THE SAYING "gone the way of the dinosaur" is being given new meaning by Robert J. Sawyer. Sawyer, who has already collected a heap of awards and critical praise, will only add to his quickly growing reputation with his latest novel, Fossil Hunter (Ace, 304 pages, $4.99 paper).
This sequel continues the story, begun in Far-Seer, of a planet dominated by the Quintaglios, a dinosaur society. Sawyer's storytelling skill is such that his reptilian characters strike a human reader as simultaneously exotically attractive and disturbingly familiar. He uses his creations to make many clever anthropological and philosophical observations, to be sure; but the real strength of this story is the compassion and empathy Sawyer manages to arouse for these beasts. Fossil Hunter is much more than Animal Farm gone Star Wars, regardless of how this quick summary may sound.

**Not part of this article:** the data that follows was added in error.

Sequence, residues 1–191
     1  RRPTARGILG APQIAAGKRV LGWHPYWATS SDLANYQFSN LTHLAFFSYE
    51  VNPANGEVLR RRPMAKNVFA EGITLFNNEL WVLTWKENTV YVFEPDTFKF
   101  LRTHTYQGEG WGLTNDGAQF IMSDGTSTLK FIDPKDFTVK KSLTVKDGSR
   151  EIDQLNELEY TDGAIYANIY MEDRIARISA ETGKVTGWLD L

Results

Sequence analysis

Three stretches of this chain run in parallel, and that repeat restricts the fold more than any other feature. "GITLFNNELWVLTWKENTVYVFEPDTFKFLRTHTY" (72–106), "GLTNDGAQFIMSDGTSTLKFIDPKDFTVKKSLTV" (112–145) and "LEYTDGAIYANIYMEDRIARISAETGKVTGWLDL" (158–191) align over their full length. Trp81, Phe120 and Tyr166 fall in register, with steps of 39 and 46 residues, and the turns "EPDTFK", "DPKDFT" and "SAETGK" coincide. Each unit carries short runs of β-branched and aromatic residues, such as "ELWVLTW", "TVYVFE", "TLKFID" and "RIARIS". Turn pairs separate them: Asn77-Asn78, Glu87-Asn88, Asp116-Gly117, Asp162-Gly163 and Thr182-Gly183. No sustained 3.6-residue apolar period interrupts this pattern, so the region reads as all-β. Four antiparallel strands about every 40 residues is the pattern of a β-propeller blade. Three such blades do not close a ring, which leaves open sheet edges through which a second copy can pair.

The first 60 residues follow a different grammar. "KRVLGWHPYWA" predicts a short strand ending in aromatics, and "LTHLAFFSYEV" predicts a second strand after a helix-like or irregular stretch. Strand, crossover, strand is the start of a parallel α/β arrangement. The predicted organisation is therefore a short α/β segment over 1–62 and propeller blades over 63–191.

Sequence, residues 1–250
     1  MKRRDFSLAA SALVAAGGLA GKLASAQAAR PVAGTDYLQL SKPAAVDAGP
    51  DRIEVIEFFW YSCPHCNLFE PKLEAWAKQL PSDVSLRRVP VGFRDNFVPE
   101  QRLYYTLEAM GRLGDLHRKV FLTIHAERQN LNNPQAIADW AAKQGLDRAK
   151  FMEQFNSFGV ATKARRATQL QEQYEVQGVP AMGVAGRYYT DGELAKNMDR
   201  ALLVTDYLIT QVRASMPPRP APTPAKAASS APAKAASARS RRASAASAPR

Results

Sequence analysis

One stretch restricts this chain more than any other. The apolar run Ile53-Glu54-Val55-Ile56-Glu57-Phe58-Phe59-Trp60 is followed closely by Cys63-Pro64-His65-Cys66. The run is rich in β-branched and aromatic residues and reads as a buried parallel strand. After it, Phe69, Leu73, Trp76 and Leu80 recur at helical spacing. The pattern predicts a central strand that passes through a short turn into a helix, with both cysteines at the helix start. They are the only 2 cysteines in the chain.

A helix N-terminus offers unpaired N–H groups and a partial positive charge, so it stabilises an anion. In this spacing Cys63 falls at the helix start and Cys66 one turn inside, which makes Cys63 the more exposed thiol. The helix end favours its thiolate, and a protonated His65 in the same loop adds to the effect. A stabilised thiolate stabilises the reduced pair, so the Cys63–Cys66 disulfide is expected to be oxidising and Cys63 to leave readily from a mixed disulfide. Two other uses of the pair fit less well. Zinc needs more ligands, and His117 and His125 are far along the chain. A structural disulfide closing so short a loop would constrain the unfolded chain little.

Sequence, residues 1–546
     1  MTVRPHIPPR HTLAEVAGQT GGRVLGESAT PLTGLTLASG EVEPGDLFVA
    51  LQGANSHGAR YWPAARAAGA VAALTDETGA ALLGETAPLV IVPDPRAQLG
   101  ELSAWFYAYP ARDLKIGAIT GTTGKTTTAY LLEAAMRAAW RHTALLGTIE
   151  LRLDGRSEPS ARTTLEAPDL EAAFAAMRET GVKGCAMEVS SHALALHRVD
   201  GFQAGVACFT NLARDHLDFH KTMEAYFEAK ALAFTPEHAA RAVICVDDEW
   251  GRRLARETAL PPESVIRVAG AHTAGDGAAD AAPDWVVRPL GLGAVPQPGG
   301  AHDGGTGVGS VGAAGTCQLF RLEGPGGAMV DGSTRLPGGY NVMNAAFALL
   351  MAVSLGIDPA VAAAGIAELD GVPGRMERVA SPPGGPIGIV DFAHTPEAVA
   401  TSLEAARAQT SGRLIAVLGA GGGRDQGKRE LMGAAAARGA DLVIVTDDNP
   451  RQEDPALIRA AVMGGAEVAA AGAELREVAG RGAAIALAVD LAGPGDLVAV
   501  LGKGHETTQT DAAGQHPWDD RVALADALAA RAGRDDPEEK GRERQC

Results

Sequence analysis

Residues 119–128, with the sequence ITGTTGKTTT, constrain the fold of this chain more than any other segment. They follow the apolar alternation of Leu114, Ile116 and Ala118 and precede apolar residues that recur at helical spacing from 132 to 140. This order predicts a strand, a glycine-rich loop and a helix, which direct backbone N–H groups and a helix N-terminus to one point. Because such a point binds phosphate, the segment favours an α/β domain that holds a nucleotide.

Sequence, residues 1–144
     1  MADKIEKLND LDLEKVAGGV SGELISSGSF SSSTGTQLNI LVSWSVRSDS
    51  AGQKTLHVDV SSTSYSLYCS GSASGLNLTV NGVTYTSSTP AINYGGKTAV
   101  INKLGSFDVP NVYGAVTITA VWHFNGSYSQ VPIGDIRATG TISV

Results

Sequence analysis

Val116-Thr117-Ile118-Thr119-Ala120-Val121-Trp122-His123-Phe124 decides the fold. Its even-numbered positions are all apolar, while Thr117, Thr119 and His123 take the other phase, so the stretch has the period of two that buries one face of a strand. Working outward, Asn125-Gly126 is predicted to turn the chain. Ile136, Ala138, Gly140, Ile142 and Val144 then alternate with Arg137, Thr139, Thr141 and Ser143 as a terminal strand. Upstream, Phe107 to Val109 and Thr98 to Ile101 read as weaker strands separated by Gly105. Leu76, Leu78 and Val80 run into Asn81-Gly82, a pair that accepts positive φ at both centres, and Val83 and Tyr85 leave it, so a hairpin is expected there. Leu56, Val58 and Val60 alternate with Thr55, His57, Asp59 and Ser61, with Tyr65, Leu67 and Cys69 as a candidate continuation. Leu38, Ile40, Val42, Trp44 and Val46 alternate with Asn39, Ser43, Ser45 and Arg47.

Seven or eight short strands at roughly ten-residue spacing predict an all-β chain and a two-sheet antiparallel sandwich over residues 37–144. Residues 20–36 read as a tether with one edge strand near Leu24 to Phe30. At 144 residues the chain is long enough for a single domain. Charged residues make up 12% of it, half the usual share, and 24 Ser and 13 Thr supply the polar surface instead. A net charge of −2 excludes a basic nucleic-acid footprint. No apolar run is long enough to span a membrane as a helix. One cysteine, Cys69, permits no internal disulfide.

The plot, similarly, is a deft blending of fantastic adventure with an uncanny allegory of the human condition. The beleaguered Quintaglios must deal, in one way or another, with all the thorny issues that plague life here on Earth: famine, war, territoriality and tribalism, class warfare, the erosion of cultural traditions, the price of heresy, and even (in an unsettling parallel) with the controversy over abortion and birth control.
Sawyer's narrative brilliance is such that he can tackle all these serious topics and still deliver an entrancing, even charming story that keeps us hooked with sly cliff-hanger chapter endings. Although Fossil Hunter is obviously aimed at the SF crowd, it deserves a much wider readership.